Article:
Here we have practically a new set-up. Only recently a new chairman has been appointed to the Tariff Board. The chairman necessarily convenes the first meeting of the board following his appointment. He may convene it at Canberra, Sydney, Brisbane or such other place as he deems most convenient or as he wishes. I should think that, as a matter of courtesy, the procedure in relation to subsequent meetings would be that the board, having before it proposals for certain inquiries and having cogitated for half an hour or twenty minutes on the question of the most convenient place for the next meeting, would decide where the meeting was to be held. Such a procedure would be pretty well in accordance with the provision in proposed new section 8 (2.) that, as far as practicable, the chairman shall determine the times and places of meetings only after consultation with the members. But let us assume that the opinion of the chairman differed from the collective opinion of a majority of the members as to the time and place of a meeting. The majority might decide that the next meeting should be in Perth the honorable member for Moore (Mr. Leslie) last night mentioned the desirability of the board’s meeting in Western Australia but the chairman might not think it desirable to meet in Perth, and could veto the proposal of the majority of the members that the meeting be held there. He might say, “ I have carried out the legal provision regarding consultation with the members of the board, as far as practicable. I have consulted with you, and you suggest that Perth is the most suitable place for our next meeting. I have decided that we shall meet in Sydney, or Canberra “.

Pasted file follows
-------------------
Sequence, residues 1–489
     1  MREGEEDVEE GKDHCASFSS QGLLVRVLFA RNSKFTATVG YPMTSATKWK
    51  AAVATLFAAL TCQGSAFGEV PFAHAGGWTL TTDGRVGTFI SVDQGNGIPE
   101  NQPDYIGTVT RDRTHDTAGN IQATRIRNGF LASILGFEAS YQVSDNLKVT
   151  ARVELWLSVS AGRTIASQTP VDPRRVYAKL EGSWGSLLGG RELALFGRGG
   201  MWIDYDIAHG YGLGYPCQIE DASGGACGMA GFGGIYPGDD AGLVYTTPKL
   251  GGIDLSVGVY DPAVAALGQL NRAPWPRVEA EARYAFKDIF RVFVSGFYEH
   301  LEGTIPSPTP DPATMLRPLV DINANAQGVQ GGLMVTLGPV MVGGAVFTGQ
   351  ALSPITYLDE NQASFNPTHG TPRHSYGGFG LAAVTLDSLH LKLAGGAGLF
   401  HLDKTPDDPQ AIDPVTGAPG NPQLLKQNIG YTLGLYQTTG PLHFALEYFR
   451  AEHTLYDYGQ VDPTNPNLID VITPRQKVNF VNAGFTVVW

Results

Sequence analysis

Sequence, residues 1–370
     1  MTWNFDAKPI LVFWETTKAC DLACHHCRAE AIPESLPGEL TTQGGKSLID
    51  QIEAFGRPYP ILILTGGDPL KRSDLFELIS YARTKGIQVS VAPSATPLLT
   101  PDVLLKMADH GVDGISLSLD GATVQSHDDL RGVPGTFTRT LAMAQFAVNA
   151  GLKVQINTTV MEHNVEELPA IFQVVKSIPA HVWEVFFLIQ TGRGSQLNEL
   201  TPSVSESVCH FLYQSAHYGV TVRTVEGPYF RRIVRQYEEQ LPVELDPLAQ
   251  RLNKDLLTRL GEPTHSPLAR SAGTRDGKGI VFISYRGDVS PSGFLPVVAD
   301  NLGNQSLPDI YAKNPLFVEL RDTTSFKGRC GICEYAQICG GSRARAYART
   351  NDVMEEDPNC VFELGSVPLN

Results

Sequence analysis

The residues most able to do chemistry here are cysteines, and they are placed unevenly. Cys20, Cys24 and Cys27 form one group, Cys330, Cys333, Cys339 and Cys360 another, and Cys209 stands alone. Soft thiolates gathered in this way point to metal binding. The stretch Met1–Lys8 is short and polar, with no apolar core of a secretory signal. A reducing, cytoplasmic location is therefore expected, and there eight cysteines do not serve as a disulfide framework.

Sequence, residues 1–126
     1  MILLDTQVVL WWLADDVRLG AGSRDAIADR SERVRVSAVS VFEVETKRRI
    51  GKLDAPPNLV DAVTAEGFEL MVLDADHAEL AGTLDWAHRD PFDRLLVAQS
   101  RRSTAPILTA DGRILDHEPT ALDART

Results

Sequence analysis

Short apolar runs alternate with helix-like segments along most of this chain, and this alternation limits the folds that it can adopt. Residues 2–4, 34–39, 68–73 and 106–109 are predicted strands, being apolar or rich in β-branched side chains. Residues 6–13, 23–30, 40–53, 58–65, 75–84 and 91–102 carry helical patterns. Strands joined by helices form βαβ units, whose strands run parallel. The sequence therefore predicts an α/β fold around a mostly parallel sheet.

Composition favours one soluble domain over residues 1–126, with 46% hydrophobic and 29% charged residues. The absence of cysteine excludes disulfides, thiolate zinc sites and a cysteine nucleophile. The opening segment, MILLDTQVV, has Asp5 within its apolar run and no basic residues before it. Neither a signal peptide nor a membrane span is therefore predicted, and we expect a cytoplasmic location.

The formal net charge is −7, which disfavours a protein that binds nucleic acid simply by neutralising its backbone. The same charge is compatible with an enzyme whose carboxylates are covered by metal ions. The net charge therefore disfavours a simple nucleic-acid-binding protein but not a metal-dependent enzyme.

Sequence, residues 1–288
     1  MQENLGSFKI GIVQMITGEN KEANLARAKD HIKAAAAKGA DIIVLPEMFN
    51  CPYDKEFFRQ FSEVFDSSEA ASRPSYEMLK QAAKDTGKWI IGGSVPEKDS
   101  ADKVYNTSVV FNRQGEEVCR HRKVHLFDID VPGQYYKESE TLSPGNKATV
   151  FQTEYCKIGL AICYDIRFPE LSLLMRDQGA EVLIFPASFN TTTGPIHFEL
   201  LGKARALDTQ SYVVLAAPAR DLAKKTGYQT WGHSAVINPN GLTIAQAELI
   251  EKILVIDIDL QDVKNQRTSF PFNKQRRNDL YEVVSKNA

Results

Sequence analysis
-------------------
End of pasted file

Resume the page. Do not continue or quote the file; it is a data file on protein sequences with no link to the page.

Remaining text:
Such a situation could very easily arise, and it would put the members of the board in the position of being mere ciphers. It would set the chairman up as a petty dictator, although he might be the last man in the world to want to be in such a position.